This article is part of our "Road to Recovery: Restaurant Reopening Tips" series, sharing information on topics surrounding the Coronavirus pandemic and food service, from the future of the industry to operational advice and more. Business regulations may vary by state and locality, please consult local government resources before making business decisions.
Many states across the United States have begun the process of re-opening their economies for business. For many restaurants, this means opening their doors at limited capacity so that diners can remain six feet or more from anyone else. Even once restrictions are completely lifted, it may be a while yet before some customers feel comfortable in a crowded dining room. This is far from optimal capacity for restaurants, and so delivery and takeout orders will remain a part of many peoples’ dining experiences for a while yet. Once the dining rooms have reopened though, how can you keep delivery orders stable until the dining room fills back up?
1. Offer delivery promotions to dine-in customers
You can offer delivery promotions to dine-in customers to incentivize them to repatronize your restaurant. This also reminds customers that there are faces behind who they’re supporting!
2. Have a plan for when the dining room is at capacity
If state regulations require that your dining room only be filled to a certain percentage of its normal capacity, you don’t want to be caught on the wrong side of the law. But even if your dining room is limited to half capacity or less, your kitchen can still run at full capacity. If your dining room is full, explain to customers the potential wait time and, if necessary, offer them carry-out food instead.
3. Enlist front-of-house (FOH) staff as delivery drivers
Rather than having FOH staff fight over who gets to cover the limited amount of tables that can be seated, enlist FOH staff as in-house delivery drivers if they have the ability to do so. This not only allows staff that may have otherwise been furloughed to have some income, but also ensures they can get tips through other means.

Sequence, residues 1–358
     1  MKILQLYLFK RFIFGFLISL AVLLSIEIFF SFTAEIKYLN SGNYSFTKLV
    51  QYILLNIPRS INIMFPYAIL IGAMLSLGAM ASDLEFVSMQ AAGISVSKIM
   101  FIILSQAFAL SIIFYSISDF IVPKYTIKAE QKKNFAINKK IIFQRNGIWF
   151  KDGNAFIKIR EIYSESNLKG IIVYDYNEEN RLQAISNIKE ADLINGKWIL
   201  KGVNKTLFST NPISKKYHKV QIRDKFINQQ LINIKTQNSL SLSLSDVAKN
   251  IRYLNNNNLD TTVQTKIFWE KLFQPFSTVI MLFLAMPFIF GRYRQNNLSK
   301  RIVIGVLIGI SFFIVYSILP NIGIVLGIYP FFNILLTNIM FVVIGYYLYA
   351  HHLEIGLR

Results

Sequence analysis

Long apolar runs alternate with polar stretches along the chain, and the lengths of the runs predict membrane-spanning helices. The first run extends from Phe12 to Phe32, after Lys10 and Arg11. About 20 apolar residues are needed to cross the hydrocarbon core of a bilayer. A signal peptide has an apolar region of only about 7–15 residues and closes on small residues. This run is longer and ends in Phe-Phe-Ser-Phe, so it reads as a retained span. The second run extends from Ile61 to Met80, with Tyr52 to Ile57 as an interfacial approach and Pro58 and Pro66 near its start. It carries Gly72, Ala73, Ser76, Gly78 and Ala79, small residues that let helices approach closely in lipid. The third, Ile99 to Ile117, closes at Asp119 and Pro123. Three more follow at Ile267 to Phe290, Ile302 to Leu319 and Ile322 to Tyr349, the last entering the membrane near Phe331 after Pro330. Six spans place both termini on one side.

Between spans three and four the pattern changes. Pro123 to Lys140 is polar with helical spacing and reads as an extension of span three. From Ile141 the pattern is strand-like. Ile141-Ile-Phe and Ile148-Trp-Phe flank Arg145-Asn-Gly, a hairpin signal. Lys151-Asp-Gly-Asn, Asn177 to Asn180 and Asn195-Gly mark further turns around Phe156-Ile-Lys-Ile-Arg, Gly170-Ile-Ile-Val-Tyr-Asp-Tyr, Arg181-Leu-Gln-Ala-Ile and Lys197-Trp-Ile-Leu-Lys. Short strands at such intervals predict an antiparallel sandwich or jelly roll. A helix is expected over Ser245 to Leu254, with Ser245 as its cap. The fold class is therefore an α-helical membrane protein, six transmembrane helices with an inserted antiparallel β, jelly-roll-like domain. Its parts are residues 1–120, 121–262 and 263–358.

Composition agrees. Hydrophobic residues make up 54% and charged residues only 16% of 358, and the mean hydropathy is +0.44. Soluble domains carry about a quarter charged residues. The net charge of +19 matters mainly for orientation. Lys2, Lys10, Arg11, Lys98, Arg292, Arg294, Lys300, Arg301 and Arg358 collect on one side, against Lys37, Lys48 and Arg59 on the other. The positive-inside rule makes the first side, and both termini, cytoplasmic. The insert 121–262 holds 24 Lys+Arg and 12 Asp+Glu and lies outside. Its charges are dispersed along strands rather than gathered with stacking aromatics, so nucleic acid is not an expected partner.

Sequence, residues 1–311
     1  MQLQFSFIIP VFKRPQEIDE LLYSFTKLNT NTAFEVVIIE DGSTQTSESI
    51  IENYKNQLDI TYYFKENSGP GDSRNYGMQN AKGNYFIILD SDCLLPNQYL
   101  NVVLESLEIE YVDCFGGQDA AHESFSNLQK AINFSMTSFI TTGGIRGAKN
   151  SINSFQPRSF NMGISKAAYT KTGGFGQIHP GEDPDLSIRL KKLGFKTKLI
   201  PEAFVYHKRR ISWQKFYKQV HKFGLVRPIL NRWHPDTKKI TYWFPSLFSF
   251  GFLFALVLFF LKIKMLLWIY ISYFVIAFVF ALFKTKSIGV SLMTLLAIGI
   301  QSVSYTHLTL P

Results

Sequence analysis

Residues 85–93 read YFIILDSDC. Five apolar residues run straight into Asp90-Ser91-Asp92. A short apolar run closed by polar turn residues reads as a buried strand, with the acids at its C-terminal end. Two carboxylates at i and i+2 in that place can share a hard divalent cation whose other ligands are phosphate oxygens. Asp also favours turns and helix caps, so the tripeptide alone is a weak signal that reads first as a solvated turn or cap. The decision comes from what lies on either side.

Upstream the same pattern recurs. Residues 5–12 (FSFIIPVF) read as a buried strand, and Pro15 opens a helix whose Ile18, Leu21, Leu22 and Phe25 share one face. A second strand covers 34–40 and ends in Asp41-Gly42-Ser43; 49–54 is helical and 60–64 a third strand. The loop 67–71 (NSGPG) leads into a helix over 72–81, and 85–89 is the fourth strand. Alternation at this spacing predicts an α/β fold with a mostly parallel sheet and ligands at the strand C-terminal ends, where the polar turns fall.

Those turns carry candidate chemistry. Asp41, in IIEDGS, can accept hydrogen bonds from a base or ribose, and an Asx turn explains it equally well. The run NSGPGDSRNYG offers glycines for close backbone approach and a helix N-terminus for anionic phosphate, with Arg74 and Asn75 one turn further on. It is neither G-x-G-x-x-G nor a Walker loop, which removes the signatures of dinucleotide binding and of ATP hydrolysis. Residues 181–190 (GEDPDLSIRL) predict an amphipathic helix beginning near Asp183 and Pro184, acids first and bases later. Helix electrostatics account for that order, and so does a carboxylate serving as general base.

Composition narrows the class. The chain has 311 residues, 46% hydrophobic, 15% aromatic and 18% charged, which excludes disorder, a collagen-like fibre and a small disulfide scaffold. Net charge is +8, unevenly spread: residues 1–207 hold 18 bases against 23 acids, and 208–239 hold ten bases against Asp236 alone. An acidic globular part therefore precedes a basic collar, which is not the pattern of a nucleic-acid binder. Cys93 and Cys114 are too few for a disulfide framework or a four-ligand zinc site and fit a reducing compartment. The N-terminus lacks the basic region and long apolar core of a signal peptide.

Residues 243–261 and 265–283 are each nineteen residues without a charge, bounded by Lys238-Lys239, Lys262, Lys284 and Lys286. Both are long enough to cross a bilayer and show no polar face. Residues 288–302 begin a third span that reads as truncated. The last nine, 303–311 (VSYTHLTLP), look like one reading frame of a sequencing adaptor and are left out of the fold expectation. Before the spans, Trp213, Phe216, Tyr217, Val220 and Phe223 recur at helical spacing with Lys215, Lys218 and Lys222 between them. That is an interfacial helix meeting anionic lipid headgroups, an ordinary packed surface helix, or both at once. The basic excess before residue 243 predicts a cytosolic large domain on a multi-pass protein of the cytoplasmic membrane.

4. Communicate with third party app representatives
While third party delivery apps such as GrubHub and UberEats faced a number of criticisms during the COVID-19 pandemic, rising stock prices illustrate their influence in keeping restaurants afloat. It’s okay to get advice if you're still learning the ins and outs of these delivery apps.
Continue communicating with the sales representatives of these companies that represent your region to ensure that the demand for continued marketing activities such as push notifications and promotions is known!
5. Keep promoting pro-delivery social media movements
Movements like the #LeftoversChallenge and the #RallyforRestaurants hashtags on social media provide visibility to the struggles of maintaining a restaurant. Using your social media presence to keep up the awareness around these movements helps communicate to your customers that the restaurant industry is not out of the woods yet.
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